The BBC flagged for YouTube several examples of Rittenhouse-related videos, including videos of men on target ranges recreating the shooting and a video game where individuals could play as Rittenhouse and kill one of the men Rittenhouse shot. These videos were removed by YouTube, but others remained.
“YouTube said that their community guidelines prohibit any violent or graphic content intended to shock viewers. ‘We take swift action to remove content flagged by our community that violates those policies,’” the BBC’s James Clayton noted during a separate radio broadcast on the subject.
Clayton said while YouTube claims it takes “swift action” against content that violates its policies, “experts studying this and our research into Rittenhouse suggests the platform could do a lot more to stop hosting extremism.”
“We are absolutely headed to a civil war in our time”
During the broadcast, Crowder also speculated that Rittenhouse’s trial may ignite a civil war in the United States. “And this is why we truly are on the verge of a civil war, and this could be the catalyst,” Crowder said. “Dear God, I hope not. Dear God, I hope the truth gets out.”
Crowder went on to discuss a looming civil war by addressing the audience directly, telling viewers that Rittenhouse’s innocence is clear on tape and asking them to imagine if no such recording existed. “What if we didn't have the tape? That's when you got to worry about the Civil War,” Crowder said.
Crowder also directly connected a future war to perceived threats posed by Democrats. “We are absolutely headed to a civil war in our time,” he said. “And it does — it will not look like the civil wars that you have imagined in the past. You just saw, actually, independents, this poll just came out today, independents and Republicans, I think even Democrats, I don't know what it was, but overall, with the general population, they saw Democrats as a greater threat to our democracy than Republicans.”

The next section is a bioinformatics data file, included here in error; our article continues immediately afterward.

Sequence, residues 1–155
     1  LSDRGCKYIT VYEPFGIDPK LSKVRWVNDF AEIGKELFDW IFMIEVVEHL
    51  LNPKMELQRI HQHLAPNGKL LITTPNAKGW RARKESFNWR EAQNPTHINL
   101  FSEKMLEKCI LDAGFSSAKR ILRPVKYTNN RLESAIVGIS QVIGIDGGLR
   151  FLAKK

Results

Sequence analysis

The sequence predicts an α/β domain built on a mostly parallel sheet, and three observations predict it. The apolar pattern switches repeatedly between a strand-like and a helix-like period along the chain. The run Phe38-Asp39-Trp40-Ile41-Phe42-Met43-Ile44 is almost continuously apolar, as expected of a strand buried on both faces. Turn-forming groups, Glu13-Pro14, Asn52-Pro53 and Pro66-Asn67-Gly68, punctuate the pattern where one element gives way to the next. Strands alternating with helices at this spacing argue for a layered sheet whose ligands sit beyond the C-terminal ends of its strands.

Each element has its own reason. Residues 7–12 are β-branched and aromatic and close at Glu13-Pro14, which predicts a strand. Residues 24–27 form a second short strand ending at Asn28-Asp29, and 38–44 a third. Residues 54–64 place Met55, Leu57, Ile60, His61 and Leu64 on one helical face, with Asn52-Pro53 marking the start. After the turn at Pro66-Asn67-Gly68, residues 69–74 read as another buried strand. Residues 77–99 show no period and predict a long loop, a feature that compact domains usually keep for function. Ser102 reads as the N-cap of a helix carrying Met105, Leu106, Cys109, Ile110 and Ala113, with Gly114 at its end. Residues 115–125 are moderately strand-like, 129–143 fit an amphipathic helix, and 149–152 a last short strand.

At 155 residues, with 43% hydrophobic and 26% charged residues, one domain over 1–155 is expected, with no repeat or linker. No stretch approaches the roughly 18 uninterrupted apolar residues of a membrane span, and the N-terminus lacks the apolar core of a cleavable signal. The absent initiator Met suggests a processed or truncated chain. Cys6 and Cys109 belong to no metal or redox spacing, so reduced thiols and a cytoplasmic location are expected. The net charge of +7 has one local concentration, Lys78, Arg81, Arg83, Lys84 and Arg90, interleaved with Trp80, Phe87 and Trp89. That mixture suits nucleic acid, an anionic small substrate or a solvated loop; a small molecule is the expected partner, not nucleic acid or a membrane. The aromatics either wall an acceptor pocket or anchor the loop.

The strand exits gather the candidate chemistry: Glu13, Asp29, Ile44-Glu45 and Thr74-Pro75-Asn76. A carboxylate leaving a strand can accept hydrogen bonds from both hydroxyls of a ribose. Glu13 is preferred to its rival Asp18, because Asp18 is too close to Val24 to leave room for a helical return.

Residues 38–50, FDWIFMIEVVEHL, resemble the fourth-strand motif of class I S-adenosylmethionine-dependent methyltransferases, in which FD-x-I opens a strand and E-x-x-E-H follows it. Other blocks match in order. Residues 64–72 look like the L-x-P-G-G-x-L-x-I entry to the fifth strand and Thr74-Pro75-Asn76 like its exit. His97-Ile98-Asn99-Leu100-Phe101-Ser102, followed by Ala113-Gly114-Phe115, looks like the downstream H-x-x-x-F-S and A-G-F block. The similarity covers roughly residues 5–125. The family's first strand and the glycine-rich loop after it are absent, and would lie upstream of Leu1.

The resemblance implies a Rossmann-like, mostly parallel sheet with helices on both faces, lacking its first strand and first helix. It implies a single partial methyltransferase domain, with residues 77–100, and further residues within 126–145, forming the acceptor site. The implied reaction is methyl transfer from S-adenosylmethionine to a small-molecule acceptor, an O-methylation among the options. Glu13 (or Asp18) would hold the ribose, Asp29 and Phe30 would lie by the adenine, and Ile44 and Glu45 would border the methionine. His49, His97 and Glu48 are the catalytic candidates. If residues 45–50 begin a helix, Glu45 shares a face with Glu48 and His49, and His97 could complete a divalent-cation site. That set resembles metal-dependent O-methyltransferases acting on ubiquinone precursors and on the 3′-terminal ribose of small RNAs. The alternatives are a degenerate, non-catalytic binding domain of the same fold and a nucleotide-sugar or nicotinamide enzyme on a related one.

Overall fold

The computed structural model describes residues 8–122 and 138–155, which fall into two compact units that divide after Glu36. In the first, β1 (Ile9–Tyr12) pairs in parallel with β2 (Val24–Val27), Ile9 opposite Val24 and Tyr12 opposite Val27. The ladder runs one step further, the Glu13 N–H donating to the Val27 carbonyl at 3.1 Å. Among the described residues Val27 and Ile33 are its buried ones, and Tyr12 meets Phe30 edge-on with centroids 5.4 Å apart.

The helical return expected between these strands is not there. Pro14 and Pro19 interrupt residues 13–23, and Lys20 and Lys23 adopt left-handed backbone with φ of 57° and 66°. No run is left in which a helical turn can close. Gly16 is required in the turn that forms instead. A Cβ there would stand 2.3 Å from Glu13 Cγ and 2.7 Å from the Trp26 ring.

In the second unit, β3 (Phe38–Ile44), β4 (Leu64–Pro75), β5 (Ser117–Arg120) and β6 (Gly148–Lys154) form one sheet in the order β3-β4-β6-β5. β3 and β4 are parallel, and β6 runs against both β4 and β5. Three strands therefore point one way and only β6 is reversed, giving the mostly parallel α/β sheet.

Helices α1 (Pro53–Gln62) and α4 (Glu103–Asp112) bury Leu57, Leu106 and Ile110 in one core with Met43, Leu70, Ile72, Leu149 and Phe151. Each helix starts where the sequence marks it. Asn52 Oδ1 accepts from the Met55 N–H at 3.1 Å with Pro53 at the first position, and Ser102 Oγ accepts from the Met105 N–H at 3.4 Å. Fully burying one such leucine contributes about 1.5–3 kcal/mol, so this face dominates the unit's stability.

Again, Crowder’s fearmongering seems to contradict YouTube’s own policy on inciting violence.
The simulation of the Rittenhouse shooting recalls the April 7, 2021 episode of Louder with Crowder, titled, “KNEE ON NECK: Crowder Tests The Theory LIVE!” During the broadcast, Crowder had a man kneel on his neck while he laid on concrete. This was Crowder's disgusting attempt to recreate and discredit the murder of George Floyd by Minneapolis Police Officer Derek Chauvin. The episode streamed live on YouTube and still remains on the platform.
YouTube has taken action against other prominent extremists, including former Trump advisor Steve Bannon and Infowars host Alex Jones. Both promoted violence and revolution on the platform. Jones appeared on Crowder’s program just about a month ago. When YouTube banned Jones in 2018, the company defended the decision by citing his repeated violation of YouTube policies:
When users violate these policies repeatedly, like our policies against hate speech and harassment or our terms prohibiting circumvention of our enforcement measures, we terminate their accounts.
As of the writing of this report, Crowder’s account and the aforementioned episode remain on YouTube.